Synopsis by Hal Erickson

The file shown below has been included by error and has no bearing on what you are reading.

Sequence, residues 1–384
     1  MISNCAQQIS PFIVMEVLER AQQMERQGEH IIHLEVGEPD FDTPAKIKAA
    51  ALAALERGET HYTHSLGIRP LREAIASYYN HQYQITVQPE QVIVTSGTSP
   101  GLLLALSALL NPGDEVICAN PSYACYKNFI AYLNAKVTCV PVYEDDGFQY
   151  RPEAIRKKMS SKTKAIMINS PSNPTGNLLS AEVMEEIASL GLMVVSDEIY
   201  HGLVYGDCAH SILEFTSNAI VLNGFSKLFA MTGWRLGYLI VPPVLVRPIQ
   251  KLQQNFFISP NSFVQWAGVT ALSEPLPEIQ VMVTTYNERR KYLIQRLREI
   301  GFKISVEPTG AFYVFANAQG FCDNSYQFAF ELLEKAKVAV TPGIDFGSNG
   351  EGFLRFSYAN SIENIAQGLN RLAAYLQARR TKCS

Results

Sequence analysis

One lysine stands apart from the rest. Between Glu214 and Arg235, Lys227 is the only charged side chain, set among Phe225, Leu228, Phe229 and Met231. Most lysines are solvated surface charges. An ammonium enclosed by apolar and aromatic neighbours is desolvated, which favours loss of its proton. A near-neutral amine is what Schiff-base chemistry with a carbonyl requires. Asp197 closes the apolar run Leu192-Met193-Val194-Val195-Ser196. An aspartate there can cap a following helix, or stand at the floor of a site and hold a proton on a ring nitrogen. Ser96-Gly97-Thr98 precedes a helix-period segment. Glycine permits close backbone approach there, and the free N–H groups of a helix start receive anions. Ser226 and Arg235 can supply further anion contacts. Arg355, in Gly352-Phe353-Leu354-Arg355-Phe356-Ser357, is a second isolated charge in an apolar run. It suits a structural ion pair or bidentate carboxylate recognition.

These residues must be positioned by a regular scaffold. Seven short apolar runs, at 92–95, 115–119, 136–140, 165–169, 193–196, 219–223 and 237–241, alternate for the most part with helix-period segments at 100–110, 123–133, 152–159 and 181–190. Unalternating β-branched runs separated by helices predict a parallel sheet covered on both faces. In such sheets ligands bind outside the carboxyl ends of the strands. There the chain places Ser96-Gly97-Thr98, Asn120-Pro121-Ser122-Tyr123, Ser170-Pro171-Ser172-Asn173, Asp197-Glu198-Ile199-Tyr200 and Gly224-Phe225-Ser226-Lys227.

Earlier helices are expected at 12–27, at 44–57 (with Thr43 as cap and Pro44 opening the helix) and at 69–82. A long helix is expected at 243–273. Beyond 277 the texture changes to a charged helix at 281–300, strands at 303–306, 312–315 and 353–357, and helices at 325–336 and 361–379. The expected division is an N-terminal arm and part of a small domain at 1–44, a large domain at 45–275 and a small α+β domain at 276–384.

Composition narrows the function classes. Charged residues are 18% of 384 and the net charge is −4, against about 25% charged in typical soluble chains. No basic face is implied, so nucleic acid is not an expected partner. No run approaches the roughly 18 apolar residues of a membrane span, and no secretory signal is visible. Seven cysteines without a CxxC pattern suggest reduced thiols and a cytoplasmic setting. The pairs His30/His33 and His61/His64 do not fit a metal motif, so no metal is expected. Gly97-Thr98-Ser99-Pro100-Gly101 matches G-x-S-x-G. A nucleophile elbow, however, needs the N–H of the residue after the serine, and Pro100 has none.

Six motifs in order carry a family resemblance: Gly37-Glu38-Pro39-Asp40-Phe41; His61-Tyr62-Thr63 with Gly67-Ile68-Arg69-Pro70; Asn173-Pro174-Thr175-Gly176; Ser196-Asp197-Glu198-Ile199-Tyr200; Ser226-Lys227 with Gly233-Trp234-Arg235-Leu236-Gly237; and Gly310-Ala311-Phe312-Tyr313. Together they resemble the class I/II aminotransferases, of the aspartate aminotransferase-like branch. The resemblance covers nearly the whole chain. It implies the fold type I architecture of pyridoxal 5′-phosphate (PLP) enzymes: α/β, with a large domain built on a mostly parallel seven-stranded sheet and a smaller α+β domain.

Previously filmed as a one-reeler by D.W. Griffith in 1910, Helen Hunt Jackson's novel Ramona was given its first full-length treatment in 1916, with Griffith acolyte Donald Crisp in the director's chair. Adda Gleason plays Ramona, the Native American sweetheart of a young and headstrong Indian chieftain (Monroe Salisbury). The girl's romance with the youthful chief is blighted by the blatant racism of the Spanish Californian ruling class, specifically Señora Moreno (Alice Morten Otten), Ramona's guardian. Within the course of the 36 years covered in the film, Ramona's fellow tribesmen endure one devastating tragedy after another, but the misery comes to a (temporary) end when the girl finds happiness with the racially sensitive son of the tyrannical Moreno. Later versions of Ramona starred such ersatz Indians as Dolores Del Rio and Loretta Young). The 1916 adaptation was originally released in a mammoth 12-reel version, but this was pared to 10 reels for its general distribution.